2012 Ecological Awards

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NAPA’s Ecological Award competition, which started in 1971, recognizes excellence in asphalt facility operations.  NAPA selects the award recipients using rigorous criteria to evaluate the environmental friendliness of their operations.  Read more about the ecological practices of these winners in the September/October 2013 edition of Asphalt Pavement magazine.


WINNER - Ecological Award for Existing Facility
Payne & Dolan Inc., Vienna, Wis.
Control #6

EE4-PayneDolanPayne & Dolan’s 17-year-old Vienna Control #6 plant is located near Madison, Wisconsin, and is a next-door neighbor to the company’s Vienna Quarry, which supplies all the aggregate for the plant. Fitted to produce warm-mix asphalt, the plant also uses reclaimed asphalt pavement and tear-off asphalt roofing shingles in it mixes, preserving natural resources while making a high-quality product.


In addition the plant uses only biodegradable release agents on its shovels, rakes, conveyors, and other equipment.


Payne & Dolan also takes strides to be build good neighbor relationships by sweeping the streets, and cleaning the driveway and plant regularly. Neighbors are notified in advance of nighttime paving which would require extended plant operations hours.


WINNER - Ecological Award for Existing Facility
S.T. Wooten Corp., Wilson, N.C.
Wilmington Asphalt Plant

EE5-STWootenS.T. Wooten Corporation’s seven-year-old Wilmington, North Carolina, asphalt plant converted two years ago to producing 90 percent warm-mix asphalt. The plant uses a gas analyzer to control combustion efficiency and recycles all particle emissions collected in its baghouse back into the asphalt mix.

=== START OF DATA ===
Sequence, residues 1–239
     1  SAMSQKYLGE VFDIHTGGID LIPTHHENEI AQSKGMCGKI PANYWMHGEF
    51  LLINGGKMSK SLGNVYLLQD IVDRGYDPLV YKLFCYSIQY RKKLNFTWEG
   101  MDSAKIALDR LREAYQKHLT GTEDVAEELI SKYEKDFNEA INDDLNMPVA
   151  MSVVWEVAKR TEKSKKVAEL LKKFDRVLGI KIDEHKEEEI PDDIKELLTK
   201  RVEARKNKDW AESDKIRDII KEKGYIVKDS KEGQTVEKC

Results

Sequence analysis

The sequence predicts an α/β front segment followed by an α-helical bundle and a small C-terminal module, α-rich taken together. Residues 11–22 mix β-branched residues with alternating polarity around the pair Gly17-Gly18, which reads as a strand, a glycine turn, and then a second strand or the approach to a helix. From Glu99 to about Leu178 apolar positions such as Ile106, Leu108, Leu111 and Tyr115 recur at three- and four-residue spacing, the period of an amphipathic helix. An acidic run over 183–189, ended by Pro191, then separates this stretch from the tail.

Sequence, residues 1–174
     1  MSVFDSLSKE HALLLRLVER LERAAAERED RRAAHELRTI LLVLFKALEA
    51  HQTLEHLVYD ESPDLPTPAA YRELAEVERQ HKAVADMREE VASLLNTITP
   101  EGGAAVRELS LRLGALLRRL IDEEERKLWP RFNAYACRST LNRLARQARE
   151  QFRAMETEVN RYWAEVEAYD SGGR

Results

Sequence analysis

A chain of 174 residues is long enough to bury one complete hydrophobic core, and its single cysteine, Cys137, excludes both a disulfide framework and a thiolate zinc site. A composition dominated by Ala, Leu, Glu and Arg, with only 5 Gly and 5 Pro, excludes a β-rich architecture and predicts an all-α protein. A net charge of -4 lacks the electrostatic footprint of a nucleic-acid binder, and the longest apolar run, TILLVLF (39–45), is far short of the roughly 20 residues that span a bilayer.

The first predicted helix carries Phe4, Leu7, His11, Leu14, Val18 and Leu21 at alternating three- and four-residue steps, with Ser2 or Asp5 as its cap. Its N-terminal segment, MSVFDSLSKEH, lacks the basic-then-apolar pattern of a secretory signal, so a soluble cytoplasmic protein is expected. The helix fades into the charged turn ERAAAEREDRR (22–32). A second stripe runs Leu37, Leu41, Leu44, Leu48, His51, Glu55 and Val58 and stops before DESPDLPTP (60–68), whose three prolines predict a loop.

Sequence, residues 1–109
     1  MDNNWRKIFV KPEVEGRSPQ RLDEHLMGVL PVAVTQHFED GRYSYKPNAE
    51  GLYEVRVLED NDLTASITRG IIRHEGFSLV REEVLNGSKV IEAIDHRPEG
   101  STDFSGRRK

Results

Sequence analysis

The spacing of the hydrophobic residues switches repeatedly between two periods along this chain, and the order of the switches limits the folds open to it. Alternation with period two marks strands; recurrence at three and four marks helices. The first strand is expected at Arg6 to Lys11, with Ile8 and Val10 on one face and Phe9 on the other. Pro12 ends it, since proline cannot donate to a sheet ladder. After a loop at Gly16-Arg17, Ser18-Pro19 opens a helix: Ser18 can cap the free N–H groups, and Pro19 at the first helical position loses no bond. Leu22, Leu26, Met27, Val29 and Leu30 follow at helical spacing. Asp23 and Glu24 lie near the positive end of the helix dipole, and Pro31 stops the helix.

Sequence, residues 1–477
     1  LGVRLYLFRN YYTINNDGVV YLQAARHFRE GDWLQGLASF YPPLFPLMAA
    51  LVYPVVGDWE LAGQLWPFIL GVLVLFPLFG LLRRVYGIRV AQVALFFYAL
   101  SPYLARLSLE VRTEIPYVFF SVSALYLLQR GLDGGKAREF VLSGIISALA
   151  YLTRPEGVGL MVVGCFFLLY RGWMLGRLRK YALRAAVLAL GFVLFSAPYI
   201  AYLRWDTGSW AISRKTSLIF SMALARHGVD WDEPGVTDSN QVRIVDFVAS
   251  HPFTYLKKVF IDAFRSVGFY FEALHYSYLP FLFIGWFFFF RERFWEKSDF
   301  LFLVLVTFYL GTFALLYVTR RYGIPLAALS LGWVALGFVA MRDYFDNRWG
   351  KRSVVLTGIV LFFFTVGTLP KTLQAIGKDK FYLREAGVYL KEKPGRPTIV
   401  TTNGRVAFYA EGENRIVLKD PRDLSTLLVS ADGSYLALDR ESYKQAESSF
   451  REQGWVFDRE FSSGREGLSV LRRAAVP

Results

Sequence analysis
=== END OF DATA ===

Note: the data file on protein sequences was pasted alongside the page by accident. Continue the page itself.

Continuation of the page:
Rainwater runoff is directed to a grass pond, where water is filtered through the grass and soil. The driveways and plant area are paved to control dust wash down. The Wilmington plant also uses a bucket sweeper to remove additional material from the driveways.


S.T. Wooten Corp. reclaims asphalt pavement and roofing shingles and recently trained an internal energy manager to conduct plant energy audits and to implement additional best practices.


The plant is a good neighbor and is surrounded by grass, trees, and plants, including palms and native shrubbery at the plant’s entrance.


WINNER - Ecological Award for New Facility
Lakeside Industries, Lacey, Wash.
Durgin Road Plant

EN3-LakesideThe Durgin Road plant operated by Lakeside Industries in Lacey, Washington, is a 300-ton-per-hour asphalt plant that hosts daily pollution control inspections, uses warm-mix technology, and strives to conserve natural resources. It does this by using a natural-gas dryer burner and a variable-frequency drive on its baghouse, which helps eliminate large electrical demands. Lakeside also uses a gas analyzer to control combustion efficiency.


The company controls rain runoff through water-treatment ponds with infiltration, as well as by dispersing monitoring wells throughout the plant. Using Best Management Practices to control dust washdown, the entire site is paved and a water truck is used to wet the site in dry months.


WINNER - Ecological Award for New Facility
Tilcon New York Inc., an Oldcastle Materials Co., Wharton, N.J.
Keasbey Asphalt Plant

EN2-TilconNYTilcon New York, an Oldcastle Materials Company’s one-year-old Keasbey asphalt plant replaced two less efficient plants in Wharton, New Jersey. Since coming into use, the plant has recorded lower maintenance, labor, electricity, and mobile equipment costs. An increase in reclaimed asphalt pavement processing at the site has also reduced hauling costs for virgin aggregate. Also, a water-injection system is used to produce foamed warm-mix asphalt at the plant.


The new site uses a gas analyzer to control combustion efficiency and a combination baghouse, flue-gas recirculation system, and blue-smoke capture system for emissions control.


The plant also has an automatic ticketing system was put into place, reducing the time it takes trucks to get a ticket from 3 minutes to 45 seconds, which helps reduce emissions and fuel used while idling.